Nicky Lowe [00:03:20]:
So let’s get started. Lesson 1 is all about the courage to change your path. One of the most powerful lessons my dad taught me, and again, this was an unconscious lesson, was the courage to change your path. My dad grew up in what I now realize is quite a challenging environment for him. He was one of 6 children. His parents run a pub and 2 of his brothers became alcoholics. And he did his best to try and support them. But I think he recognized that he personally was never gonna be able to save them.

Nicky Lowe [00:04:02]:
And I think he knew that staying where he was would actually prevent him from fulfilling his potential. So he actually made what I now look back and think that was a really brave decision to leave home at a very young age to join the army. And that decision, I think, was based on my dad’s understanding that sometimes, to better your life, you have to step away from what’s familiar and really take a, I suppose, what would have been a really bold step then towards a better future. And his courage to change his path not only shaped his life, but I think in me this importance of taking control of your destiny, even when the odds seem stacked against you. And I think in the army, my dad found structure and discipline and a sense of purpose. And me and my brother always laughed at did the army shape my dad or did my dad choose the army because he had that sense of structure and discipline himself anyway? And I think regardless, it was there that he discovered his potential and really built a life that he was proud of. And I think that always reminds me that no matter how difficult it is to make a change, it’s really important to pursue a path that really aligns with your, I suppose, your potential and your values. And I think that lesson has really helped me to take risks and embrace change, and strive for a life that really fulfills my dreams, my values, my aspirations.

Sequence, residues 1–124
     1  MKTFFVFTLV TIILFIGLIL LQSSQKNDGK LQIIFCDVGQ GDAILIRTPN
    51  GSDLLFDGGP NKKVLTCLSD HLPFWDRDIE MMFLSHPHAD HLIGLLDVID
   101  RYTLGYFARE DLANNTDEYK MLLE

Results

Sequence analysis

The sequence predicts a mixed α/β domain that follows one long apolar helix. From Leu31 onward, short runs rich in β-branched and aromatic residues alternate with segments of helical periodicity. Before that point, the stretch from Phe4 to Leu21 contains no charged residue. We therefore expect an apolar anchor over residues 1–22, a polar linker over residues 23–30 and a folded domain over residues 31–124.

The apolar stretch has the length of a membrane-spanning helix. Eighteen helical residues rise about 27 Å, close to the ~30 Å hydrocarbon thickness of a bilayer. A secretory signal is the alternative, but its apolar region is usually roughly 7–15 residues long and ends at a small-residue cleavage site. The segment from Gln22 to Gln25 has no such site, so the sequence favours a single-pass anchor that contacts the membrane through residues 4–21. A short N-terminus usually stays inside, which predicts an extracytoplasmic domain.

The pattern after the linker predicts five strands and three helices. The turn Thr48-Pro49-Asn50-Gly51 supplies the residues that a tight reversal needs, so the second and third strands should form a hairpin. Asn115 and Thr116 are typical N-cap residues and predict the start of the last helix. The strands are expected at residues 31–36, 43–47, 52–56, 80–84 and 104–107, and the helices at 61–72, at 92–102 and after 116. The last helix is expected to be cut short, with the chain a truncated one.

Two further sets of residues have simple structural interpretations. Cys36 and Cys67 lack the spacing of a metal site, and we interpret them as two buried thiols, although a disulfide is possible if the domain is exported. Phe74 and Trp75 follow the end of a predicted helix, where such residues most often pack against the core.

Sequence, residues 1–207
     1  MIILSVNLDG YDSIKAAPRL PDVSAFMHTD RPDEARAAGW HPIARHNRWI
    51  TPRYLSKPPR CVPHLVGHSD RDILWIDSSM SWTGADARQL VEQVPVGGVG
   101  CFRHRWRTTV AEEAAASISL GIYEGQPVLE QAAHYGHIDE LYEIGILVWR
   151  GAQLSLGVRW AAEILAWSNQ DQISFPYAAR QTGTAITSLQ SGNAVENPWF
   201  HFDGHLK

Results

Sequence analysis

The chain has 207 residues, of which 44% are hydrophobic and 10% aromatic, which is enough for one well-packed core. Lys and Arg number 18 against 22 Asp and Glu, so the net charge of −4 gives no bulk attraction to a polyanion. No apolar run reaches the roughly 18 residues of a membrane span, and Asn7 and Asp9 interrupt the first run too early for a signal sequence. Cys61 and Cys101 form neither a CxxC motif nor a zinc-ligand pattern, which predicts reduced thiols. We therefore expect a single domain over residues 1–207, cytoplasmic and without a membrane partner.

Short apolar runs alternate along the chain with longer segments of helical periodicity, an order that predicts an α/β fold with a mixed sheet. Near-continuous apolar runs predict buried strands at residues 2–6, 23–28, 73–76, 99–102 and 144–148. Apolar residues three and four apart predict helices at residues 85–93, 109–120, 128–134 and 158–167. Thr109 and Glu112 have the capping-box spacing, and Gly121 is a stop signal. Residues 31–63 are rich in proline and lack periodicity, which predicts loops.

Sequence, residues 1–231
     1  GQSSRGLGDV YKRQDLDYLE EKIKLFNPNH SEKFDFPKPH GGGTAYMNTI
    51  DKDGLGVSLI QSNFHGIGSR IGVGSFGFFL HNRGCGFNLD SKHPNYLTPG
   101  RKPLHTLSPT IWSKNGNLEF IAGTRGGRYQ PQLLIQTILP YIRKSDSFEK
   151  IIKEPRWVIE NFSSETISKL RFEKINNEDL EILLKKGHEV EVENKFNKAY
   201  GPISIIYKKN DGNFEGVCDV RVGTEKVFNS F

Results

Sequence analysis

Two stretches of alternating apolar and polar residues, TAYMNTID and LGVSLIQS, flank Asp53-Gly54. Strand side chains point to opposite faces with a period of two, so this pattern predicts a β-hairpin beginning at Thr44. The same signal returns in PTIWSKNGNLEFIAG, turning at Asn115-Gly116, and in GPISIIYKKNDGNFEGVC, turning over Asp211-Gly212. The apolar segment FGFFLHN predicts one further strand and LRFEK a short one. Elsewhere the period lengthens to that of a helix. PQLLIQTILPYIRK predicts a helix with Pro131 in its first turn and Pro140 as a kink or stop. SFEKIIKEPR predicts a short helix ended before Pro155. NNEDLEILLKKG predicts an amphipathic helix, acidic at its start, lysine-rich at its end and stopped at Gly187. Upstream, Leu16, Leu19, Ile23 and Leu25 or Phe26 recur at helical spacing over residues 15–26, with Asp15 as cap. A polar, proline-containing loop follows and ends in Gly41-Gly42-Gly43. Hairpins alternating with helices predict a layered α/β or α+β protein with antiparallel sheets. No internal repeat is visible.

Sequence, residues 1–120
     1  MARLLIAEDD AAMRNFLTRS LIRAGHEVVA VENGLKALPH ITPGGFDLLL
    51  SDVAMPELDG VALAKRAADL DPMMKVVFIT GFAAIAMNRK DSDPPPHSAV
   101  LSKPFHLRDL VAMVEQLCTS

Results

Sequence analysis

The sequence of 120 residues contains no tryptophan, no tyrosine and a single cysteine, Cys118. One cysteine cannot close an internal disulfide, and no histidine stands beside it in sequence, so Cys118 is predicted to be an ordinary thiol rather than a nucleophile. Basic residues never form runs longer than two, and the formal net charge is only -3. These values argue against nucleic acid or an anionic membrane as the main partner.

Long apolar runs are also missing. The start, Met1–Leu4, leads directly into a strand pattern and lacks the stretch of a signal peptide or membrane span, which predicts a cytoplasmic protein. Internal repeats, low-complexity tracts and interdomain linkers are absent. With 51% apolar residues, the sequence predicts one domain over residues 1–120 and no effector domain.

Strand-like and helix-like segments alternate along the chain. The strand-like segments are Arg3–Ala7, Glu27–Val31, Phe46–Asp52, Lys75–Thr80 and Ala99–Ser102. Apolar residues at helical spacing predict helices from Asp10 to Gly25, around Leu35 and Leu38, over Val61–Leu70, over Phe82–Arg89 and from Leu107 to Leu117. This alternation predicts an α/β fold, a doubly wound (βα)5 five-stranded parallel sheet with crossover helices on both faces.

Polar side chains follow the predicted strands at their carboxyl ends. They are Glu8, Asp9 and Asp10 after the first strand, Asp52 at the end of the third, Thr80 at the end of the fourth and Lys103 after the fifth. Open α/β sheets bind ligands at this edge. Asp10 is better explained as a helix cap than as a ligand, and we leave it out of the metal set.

Nicky Lowe [00:05:43]: